TLAHUELILPAN, Mexico (Reuters) – A blast at a gasoline pipeline in Mexico that killed at least 79 people has directed renewed scrutiny toward the new president’s ambitious strategy to stop fuel theft, his first major offensive to stamp out corruption and organized crime.
Some relatives of the victims said fuel shortages stemming from President Andres Manuel Lopez Obrador’s plan led people to fill plastic containers with gasoline on Friday at a leak in the Tula-Tuxpan pipeline, a few miles (km) from a major refinery.
Up to 800 people gathered to collect fuel from a 7-m (23-foot) gasoline geyser, officials said. Two hours later, it erupted into flames.
The government has not yet clarified details of the disaster, and questions are arising about what caused the leak, how long it took officials to respond and why authorities did not do more to clear local residents from the leaking pipe.
Half a dozen people told Reuters their relatives went to the leaking duct in Hidalgo state’s Tlahuelilpan district in central Mexico because they had been struggling to find fuel and were desperate to fill up cars to get to work or run their farms.
“A lot of innocent people came here, perhaps their car didn’t have enough gasoline for tomorrow, and they said: ‘I’m just going to go for a few liters,’” said farmer Isidoro Velasco, 51, who believed his nephew Mario Hidalgo was likely killed. Hidalgo would have turned 34 on Saturday.
Lopez Obrador said on Sunday that the disaster had not weakened his resolve to fight fuel theft.
“I won’t take a single step backwards,” he told a news conference. “I can only offer people apologies, if this action causes sacrifices, harm and inconveniences. But we have to do it.”
The initiative, if successful, would mark a victory for the veteran leftist who won last year’s election on promises to root out endemic corruption, strengthen ailing national oil company Pemex and ensure stable fuel prices.
Failure, however, would likely not only erode his popularity but pose risks for the economy, the world’s sixth-biggest fuel market. [nL1N1ZK07W]
An opinion poll last week showed the fuel strategy was a polarizing issue, with about half the population supporting the measure despite long lines at gas stations and other difficulties. [nL1N1ZC03J]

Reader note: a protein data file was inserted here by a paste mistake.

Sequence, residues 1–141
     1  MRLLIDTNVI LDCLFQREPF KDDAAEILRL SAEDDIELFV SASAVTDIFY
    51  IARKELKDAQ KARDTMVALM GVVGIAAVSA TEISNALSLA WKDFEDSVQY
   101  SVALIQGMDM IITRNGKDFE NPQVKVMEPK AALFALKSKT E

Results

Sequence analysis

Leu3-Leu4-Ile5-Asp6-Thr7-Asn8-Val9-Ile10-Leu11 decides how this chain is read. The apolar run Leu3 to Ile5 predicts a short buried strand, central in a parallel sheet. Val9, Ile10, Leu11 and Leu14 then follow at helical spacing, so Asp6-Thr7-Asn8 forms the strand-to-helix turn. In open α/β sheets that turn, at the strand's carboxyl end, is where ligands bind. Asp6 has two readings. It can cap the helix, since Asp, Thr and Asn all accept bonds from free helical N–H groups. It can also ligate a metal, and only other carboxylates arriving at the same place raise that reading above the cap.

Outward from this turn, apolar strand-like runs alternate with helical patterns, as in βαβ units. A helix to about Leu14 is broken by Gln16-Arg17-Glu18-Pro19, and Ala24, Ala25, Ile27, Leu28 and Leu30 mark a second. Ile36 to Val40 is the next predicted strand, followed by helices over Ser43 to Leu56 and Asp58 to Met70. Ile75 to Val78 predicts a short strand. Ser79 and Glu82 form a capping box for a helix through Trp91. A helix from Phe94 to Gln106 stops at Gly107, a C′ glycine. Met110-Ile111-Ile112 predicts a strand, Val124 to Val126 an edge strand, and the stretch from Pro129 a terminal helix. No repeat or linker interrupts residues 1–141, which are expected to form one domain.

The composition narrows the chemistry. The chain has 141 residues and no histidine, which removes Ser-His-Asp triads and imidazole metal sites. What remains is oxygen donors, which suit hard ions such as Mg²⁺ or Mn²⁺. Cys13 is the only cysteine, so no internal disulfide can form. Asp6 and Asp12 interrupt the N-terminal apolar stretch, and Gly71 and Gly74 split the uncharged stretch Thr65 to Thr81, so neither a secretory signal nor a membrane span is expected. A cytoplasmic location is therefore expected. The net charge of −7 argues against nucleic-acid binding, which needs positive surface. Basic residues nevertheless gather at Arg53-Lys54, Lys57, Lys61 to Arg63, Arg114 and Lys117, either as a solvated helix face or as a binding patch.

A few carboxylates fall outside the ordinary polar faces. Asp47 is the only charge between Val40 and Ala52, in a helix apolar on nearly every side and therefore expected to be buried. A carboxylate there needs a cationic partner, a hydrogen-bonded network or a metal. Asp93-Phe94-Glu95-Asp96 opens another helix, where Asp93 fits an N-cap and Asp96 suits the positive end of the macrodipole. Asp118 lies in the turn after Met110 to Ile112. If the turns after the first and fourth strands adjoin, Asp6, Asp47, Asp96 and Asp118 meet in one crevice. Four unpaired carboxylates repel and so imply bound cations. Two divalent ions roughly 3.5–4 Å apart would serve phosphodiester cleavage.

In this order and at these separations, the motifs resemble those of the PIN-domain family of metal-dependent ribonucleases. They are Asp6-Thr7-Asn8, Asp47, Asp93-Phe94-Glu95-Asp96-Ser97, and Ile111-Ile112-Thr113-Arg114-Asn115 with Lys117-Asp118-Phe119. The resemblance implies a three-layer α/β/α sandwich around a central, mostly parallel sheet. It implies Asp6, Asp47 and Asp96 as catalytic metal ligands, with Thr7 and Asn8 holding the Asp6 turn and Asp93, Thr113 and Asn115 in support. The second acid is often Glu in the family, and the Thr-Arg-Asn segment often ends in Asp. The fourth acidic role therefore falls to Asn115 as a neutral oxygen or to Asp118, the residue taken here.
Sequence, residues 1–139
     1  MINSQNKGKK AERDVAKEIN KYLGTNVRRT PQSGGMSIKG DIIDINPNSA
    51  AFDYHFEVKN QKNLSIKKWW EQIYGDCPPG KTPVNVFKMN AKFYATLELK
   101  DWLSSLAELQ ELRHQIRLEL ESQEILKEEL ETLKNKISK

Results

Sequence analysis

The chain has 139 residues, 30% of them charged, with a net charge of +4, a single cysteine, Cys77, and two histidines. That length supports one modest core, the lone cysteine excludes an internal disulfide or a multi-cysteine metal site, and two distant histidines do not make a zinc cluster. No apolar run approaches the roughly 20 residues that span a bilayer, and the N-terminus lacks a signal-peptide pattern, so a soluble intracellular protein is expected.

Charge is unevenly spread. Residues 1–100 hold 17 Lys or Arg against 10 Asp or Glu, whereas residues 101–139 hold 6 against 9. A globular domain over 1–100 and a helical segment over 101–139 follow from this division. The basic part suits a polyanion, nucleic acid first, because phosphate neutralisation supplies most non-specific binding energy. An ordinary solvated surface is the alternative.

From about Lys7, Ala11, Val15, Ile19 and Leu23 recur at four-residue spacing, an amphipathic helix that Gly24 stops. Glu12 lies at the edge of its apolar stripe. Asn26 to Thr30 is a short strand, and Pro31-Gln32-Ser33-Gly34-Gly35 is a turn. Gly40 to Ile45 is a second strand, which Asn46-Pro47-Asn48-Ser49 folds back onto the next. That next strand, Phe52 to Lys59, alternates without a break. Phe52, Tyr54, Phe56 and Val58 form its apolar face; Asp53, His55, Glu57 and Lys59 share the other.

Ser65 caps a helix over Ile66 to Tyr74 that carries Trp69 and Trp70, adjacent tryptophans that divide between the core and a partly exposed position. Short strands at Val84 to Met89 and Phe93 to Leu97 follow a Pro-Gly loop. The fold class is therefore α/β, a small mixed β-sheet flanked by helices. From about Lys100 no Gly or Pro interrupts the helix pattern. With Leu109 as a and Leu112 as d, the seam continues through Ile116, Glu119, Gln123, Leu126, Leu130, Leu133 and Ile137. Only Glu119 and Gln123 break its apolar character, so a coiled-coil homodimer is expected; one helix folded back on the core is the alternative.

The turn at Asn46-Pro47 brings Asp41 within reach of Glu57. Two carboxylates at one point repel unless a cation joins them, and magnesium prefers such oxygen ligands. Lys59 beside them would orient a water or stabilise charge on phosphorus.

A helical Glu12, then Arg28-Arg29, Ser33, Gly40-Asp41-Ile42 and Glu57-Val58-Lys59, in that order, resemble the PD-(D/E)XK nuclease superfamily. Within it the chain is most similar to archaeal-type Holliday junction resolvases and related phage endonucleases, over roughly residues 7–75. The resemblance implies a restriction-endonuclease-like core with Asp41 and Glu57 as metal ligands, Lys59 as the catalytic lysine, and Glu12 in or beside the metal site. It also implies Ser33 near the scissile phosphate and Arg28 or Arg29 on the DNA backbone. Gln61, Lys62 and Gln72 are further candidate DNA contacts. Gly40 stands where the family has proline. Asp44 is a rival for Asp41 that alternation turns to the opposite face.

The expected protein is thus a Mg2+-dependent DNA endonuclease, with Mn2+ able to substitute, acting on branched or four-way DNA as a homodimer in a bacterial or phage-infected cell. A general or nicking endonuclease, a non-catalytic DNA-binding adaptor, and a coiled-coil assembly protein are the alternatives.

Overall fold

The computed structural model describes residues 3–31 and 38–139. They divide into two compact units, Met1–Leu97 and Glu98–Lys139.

Lopez Obrador said he hoped that supply would normalize soon as Mexico buys more tanker trucks for distribution by road.
But the president, who took office last month, has repeatedly been asked why soldiers deployed to guard the duct did not chase people away from the leak, and how quickly the pipeline was shut down after Pemex detected the rupture.
Pemex initially took the pipeline out of service in late December as the government tried to protect it from gangs who had hit it 10 times in Tlahuelilpan, Pemex Chief Executive Officer Octavio Romero told a news conference on Saturday.
After Pemex began attempting to restart operations on Wednesday, the line experienced four more attacks.
Romero said Pemex closed a valve at the pipeline on Friday after noting a drop in pressure from the leak. Pemex was aware of the leak at 4:50 p.m., he added, but did not say when the valve was shut.
Fuel spurted from the pipeline for around two hours after Pemex alerted other authorities to the leak, with no visible loss of pressure before the explosion, Romero said.
Pemex had been in a rush to reopen the pipeline to avoid a new wave of gasoline shortages in Mexico City, said Gonzalo Monroy, the head of Mexico-based energy consulting firm GMEC, citing conversations with oil industry professionals.
The fissure occurred at a spot in the duct that Pemex had previously repaired, but gave way under the pressure of a new surge of fuel, Monroy said, citing sources in the company.
Pemex officials decided to keep fuel running after the first signs of a leak, and send a team to inspect it, he added.
Pemex did not respond to requests for comment.
Lopez Obrador said prosecutors would investigate the matter, but that even if the valve were closed immediately, there would have been 10,000 barrels of high-octane gasoline in the section of pipeline between the Tula refinery and the village.
The Defense Ministry and Lopez Obrador said the army, which had just 25 soldiers present before the explosion, did not want to hold back the crowd.
Critics say authorities should have called for reinforcements and been firmer in sealing off the area. Lopez Obrador said the soldiers told villagers not to get too close but were ignored.
Reporting by Anthony Esposito; Additional reporting and writing by Frank Jack Daniel, Daina Beth Solomon and Marianna Parraga in Mexico City; Editing by Daniel Wallis and Peter Cooney